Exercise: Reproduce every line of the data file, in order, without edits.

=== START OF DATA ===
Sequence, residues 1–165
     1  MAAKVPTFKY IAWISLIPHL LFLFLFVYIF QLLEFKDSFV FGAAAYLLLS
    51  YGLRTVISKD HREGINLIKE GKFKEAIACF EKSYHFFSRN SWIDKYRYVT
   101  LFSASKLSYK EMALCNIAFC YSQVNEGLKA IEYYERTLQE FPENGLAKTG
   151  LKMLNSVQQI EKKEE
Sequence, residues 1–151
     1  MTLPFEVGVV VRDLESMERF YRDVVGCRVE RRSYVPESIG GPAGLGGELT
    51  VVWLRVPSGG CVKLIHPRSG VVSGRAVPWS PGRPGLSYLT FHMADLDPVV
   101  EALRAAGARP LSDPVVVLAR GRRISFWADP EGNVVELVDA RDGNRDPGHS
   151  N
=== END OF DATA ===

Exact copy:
Sequence, residues 1–165
     1  MAAKVPTFKY IAWISLIPHL LFLFLFVYIF QLLEFKDSFV FGAAAYLLLS
    51  YGLRTVISKD HREGINLIKE GKFKEAIACF EKSYHFFSRN SWIDKYRYVT
   101  LFSASKLSYK EMALCNIAFC YSQVNEGLKA IEYYERTLQE FPENGLAKTG
   151  LKMLNSVQQI EKKEE
Sequence, residues 1–151
     1  MTLPFEVGVV VRDLESMERF YRDVVGCRVE RRSYVPESIG GPAGLGGELT
    51  VVWLRVPSGG CVKLIHPRSG VVSGRAVPWS PGRPGLSYLT FHMADLDPVV
   101  EALRAAGARP LSDPVVVLAR GRRISFWADP EGNVVELVDA RDGNRDPGHS
   151  N